(author unknown

True Americanism in action...."TOYS FOR

"Toys for Tots" began in 1947 when Major Bill Hendricks, USMCR and a group of Marine reservists in Los Angeles collected and distributed 5,000 Toys to needy children. The idea came from Bill's wife, Diane. In the fall of 1947 Diane handcrafted a Raggedy Ann doll and asked Bill to deliver the doll to an organization to give to a needy child at Christmas. When Bill determined that no agency existed, Diane told Bill he should start one. The 1947 campaign was so successful that the Marine Corps adopted "Toys for Tots" in 1948 and expanded it into a nationwide campaign. That year, Marine Corps Reserve units across the nation conducted "Toys for Tots" campaigns in each community in which a Marine Reserve Center was located. Marines have conducted successful nationwide campaigns each year at Christmas since 1948. The initial objective of the program today is to "bring the joy of Christmas to America's needy children. In 1948 Walt Disney designed the "Toys for Tots" logo. Disney also designed the first "Toys For Tots" poster to promote the now nationwide program. Nat King Cole, Peggy Lee and Vic Damone recorded the "Toys for Tots" theme. Bob Hope, John Wayne, Doris Day, Lorrie Morgan, Tim Allen and Kenny Rogers are but a few of the long list of celebrities who have given of their time and talent to promote the national program. First Lady Nancy Reagan served as the national spokesperson in 1983. From 1947 through 1979, Marines collected and distributed new and used toys. On Reserve drill weekends during October, November and December, Reserve Marines refurbished the used toys. From Christmas 1980 through the present, Marines have collected and distributed only new toys. Distributing "Hand-me-down" does not send the message Marines want to send to needy children. The goal is to deliver a message of hope, which will build self-esteem and, in turn, motivate needy children to grow into responsible, productive, patriotic citizens and community leaders. A shiny new toy is the best means to accomplish this goal. In 1997 the Marine Corps celebrated the 50th anniversary of "Toys for Tots." The 2000 Toys for Tots campaign was the most successful campaign in the 53 year history of the program. Local campaigns were conducted in 350 communities covering all 50 states, the District of Columbia and Puerto Rico. The Marine Corps "Toys for Tots" program is truly, beyond any doubt, an outstanding example of the wonders of Americanism in action.

John Hancock - American Patriot First Signer of the Declaration of Independence

John Hancock (1737-1793) was both an American merchant and statesman. He was born at Braintree, Massachusetts, always lived in that state and passed away at Quincy. Hancock graduated from Harvard in 1754 at the age of 17, he then learned the business of an importing merchant in the counting house of an uncle, who later left him money to carry on the business. Hancock became the wealthiest merchant in the city, while his friend Samuel Adams was without hardly a dollar, yet it was difficult to say which of the two men was the most fiercely devoted opponent of Great Britain. Both were members of the Massachusetts General Court. Both sat in the Provincial Congress. Both were honored by General Gage as the two rebels "whose offenses are of too flagitious a nature to admit of any other consideration but that of condign punishment." Both were expressly omitted by name from an act of general amnesty with which the British government sought to conciliate the colonies in 1775. From the beginning Hancock was in the thick of the contest. He owned the sloop Liberty, whose seizure brought on the "Riot of 1768". He also demanded the removal of troops after the infamous "Boston Massacre". Hancock delivered a fiery address at the funeral of the victims of that affair. Hancock was President of the Continental Congress, and his bold signature appeared prominently on the Declaration of Independence. He was the first governor of the state of Massachusetts. None doubted the strong patriotism and strong common sense of Hancock. His wealth, education, social standing, determined character and reputation for strong integrity were of undisputed and incalculable service to the American cause. Hancock was yet another example of those who risked their all to insure the future freedom of generations yet unborn.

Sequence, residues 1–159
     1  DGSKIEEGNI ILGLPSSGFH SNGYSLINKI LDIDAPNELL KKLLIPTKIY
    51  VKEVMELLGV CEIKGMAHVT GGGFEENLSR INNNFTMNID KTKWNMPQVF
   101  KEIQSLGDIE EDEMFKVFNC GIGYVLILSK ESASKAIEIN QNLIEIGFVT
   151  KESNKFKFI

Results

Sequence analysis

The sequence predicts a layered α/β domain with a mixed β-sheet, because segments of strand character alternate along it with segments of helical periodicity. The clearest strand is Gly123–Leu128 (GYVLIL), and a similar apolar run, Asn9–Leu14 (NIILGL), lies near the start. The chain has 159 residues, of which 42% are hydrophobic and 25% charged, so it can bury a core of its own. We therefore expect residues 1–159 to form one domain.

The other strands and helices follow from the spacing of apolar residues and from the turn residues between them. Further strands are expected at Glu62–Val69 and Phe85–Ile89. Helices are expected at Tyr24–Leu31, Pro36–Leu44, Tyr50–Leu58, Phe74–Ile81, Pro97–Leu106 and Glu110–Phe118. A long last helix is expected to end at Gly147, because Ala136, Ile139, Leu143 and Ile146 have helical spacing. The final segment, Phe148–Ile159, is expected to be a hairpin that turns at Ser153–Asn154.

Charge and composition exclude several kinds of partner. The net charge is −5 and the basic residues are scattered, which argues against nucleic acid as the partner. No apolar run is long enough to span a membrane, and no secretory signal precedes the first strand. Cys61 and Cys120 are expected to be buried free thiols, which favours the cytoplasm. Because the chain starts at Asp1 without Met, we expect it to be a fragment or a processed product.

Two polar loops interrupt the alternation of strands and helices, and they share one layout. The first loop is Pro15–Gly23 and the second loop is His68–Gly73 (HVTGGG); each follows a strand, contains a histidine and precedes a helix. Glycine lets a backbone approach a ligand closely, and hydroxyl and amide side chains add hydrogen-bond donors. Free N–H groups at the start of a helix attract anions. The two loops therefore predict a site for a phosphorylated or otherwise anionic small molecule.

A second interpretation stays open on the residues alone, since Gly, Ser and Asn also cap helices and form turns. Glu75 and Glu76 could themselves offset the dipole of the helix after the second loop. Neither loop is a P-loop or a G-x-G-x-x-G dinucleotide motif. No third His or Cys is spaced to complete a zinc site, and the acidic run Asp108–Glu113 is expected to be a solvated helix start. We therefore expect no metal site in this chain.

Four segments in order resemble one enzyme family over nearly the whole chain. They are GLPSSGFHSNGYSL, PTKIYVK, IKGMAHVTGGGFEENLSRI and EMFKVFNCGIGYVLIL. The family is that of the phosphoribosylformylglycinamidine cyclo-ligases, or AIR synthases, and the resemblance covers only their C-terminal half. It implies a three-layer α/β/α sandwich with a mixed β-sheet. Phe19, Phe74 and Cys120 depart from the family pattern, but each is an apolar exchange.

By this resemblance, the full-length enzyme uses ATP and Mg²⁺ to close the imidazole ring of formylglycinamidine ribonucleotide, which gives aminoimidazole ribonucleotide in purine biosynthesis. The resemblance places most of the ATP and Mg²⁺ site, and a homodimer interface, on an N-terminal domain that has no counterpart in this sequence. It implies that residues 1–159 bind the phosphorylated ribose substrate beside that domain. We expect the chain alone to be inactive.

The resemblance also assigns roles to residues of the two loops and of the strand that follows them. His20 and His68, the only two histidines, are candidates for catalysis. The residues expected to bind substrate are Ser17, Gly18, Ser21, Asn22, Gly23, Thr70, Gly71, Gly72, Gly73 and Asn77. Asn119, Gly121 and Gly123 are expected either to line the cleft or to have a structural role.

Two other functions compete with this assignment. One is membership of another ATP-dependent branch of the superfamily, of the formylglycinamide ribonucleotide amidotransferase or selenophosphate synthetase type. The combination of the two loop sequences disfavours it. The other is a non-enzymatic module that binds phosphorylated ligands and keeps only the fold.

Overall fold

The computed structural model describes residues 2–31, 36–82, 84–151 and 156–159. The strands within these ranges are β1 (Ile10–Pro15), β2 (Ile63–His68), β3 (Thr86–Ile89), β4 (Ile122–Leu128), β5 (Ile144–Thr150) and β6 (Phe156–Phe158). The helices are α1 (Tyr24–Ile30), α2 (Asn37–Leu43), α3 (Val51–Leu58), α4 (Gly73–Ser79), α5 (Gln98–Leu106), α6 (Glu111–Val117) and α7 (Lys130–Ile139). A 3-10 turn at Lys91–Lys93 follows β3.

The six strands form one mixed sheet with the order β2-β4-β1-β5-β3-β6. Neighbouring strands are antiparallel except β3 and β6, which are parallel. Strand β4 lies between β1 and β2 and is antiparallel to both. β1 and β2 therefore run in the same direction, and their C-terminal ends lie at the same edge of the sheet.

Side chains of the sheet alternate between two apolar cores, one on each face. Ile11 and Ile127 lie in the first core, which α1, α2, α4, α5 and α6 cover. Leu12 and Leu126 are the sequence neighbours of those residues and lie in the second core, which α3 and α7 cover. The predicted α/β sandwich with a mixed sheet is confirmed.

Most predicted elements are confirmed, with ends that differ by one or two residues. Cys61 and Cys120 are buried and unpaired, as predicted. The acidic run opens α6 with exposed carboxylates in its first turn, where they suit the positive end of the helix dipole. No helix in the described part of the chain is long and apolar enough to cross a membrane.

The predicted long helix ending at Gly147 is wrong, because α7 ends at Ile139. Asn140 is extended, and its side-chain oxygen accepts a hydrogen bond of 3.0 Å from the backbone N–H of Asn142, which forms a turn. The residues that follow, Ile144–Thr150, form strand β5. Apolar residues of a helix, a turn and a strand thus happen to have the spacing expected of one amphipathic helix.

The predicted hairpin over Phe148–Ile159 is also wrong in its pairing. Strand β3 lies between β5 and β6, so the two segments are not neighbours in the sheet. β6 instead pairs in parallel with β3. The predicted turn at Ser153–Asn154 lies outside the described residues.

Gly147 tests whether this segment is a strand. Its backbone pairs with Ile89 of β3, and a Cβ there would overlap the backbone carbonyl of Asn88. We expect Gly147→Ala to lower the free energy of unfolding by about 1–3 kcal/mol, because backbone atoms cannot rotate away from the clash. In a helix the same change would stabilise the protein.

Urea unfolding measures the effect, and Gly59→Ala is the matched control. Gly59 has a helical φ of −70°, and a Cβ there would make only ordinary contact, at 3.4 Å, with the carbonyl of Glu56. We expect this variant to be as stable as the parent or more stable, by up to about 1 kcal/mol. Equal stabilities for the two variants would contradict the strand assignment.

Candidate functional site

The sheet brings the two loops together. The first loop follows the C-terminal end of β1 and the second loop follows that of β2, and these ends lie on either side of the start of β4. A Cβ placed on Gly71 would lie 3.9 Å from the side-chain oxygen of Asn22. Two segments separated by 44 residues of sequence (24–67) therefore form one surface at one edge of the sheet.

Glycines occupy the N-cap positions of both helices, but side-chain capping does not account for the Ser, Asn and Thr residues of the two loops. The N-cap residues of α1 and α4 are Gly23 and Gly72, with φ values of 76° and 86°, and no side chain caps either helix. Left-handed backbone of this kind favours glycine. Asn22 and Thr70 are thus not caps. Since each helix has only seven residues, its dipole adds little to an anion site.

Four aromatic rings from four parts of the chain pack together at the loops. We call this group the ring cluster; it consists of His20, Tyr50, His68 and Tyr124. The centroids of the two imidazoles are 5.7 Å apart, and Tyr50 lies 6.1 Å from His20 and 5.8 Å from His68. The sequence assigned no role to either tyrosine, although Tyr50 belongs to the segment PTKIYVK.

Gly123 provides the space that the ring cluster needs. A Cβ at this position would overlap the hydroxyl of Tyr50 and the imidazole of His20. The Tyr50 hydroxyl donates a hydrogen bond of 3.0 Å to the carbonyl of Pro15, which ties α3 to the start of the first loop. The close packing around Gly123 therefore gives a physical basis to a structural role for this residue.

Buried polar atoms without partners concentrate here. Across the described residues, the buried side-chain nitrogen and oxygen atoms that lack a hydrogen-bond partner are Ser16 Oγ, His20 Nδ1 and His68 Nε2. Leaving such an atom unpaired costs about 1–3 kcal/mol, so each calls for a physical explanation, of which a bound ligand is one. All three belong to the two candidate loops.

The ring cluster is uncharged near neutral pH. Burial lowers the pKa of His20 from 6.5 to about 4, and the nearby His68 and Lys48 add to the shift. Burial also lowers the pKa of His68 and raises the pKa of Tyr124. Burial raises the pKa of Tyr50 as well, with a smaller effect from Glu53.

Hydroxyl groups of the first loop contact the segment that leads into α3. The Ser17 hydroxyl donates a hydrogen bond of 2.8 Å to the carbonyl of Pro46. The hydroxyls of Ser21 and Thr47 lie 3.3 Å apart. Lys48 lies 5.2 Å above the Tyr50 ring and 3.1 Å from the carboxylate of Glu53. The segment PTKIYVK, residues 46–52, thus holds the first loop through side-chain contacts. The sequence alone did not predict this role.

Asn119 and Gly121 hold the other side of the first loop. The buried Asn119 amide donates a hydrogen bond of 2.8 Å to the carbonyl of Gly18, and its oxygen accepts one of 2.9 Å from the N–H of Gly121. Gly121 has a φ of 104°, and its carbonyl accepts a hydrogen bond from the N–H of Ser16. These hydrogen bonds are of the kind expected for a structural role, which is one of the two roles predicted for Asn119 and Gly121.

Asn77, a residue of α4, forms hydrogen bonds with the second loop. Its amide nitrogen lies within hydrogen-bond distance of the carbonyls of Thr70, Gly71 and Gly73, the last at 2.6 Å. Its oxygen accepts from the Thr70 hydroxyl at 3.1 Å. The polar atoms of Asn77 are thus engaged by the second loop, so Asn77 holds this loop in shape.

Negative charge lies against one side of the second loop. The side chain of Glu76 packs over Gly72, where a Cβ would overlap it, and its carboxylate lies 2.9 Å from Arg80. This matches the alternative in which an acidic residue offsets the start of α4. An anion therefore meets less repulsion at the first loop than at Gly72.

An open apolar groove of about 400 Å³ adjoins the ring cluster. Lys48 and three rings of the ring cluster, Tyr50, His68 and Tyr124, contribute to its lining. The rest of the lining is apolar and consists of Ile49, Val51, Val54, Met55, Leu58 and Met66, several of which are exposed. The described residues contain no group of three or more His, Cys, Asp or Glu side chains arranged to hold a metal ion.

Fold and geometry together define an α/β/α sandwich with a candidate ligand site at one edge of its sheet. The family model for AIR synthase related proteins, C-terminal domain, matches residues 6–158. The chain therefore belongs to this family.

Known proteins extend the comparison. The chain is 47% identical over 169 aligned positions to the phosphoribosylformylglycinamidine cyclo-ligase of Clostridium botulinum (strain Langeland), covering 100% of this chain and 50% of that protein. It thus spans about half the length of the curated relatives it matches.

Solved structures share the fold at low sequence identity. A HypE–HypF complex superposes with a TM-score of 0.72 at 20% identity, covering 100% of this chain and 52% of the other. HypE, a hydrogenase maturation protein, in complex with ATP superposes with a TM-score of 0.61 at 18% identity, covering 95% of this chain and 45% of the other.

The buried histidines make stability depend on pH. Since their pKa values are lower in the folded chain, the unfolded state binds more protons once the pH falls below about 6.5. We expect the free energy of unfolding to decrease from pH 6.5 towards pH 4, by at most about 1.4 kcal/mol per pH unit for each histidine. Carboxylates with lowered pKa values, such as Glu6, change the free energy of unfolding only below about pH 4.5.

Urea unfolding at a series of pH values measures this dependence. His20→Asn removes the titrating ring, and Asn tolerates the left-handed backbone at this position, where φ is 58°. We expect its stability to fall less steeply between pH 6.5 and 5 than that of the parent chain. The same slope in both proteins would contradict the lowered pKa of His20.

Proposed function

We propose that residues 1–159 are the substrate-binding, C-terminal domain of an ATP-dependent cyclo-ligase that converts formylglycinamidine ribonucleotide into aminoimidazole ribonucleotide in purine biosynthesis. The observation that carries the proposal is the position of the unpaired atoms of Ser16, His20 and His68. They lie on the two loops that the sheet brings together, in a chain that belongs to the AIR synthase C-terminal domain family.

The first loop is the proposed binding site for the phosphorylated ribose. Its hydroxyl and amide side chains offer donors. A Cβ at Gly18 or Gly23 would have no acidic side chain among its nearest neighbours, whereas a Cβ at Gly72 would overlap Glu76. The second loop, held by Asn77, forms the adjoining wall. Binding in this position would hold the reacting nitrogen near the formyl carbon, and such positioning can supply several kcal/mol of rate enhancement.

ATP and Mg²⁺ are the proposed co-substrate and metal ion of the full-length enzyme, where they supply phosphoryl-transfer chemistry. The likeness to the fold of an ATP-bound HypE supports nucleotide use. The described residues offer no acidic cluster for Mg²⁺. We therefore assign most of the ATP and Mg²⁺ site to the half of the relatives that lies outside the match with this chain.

(author unknown)


(author unknown)
Some people call me 0ld Glory, others call me the Star Spangled Banner, but whatever they call me, I am your Flag -- the Flag of the United States of America. Something has been bothering me, so I thought I might talk it over with you, because you see, it is about you and me. I remember some time ago people lined up on both sides of the street to watch the parade and, naturally, I was leading every parade, proudly waving in the breeze. When your daddy saw me coming, he immediately removed his hat and placed it against his left shoulder so that his hand was directly over his heart -- remember? What happened? I'm still the same old Flag. Oh, I have a few more stars since you were a boy and a lot more blood has been shed since those parades of long ago But now I don't feel as proud as I used to. When I come down your street and you just stand there with your hands in your pockets, I may get a small glance and then you look away. Then I see children running around and shouting -- they don't seem to know who I am. I saw a man take his hat off, then look around. He didn't see anybody else with theirs off, so he quickly put it back on. And what about that night at the ball game, when they played the "Star Spangled Banner" and I waved so proudly in the breeze, but nobody bothered to sing? Oh, they stood up, all right, as sort of a mild patriotic gesture, but then they talked among themselves about the game and weather, but they did not sing. I felt hurt. Is it a sin to be patriotic? Have you forgotten what I stand for and where I have been? Anzio, Guadalcanal, Korea, Vietnam, and Persian Gulf. Take a look at the memorial honor rolls sometime -- names of those who never came back -- who gave their lives to keep this republic free. One nation, under God. When you salute me, you are saluting them. I may not be coming down your street for a long time, as it seems that patriotic parades are a thing of the past. But when I do, will you do me a big favor? Stand up straight, place your right hand over your heart, and if they play the "Star Spangled Banner," sing out loud and clear. I will salute you by waving back.